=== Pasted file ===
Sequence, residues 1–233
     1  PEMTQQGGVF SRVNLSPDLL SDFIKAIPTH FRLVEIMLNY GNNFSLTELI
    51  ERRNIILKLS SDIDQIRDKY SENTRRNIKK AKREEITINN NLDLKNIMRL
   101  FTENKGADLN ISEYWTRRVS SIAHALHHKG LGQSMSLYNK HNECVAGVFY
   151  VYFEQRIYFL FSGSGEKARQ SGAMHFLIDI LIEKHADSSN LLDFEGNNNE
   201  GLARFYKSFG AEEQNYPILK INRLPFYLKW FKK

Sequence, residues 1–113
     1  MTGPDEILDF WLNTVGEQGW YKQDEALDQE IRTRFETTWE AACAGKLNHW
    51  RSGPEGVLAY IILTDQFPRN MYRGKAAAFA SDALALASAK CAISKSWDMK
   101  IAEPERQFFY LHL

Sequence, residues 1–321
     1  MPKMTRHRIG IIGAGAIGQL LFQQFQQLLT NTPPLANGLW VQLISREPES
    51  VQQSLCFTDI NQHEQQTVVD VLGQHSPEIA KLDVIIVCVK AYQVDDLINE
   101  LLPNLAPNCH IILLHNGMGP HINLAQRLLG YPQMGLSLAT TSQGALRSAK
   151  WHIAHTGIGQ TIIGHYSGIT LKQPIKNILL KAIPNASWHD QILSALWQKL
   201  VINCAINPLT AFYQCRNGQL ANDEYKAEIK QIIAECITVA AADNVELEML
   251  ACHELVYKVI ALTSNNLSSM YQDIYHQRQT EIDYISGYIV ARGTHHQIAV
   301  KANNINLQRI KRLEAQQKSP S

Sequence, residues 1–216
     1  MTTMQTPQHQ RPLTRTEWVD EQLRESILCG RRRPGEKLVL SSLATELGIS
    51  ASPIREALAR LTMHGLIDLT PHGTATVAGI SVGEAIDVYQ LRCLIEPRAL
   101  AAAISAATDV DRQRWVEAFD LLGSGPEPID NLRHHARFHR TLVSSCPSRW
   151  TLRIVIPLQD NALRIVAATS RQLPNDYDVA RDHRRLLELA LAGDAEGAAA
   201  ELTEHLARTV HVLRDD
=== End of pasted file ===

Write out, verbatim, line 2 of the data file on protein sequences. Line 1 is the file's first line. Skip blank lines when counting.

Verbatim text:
     1  PEMTQQGGVF SRVNLSPDLL SDFIKAIPTH FRLVEIMLNY GNNFSLTELI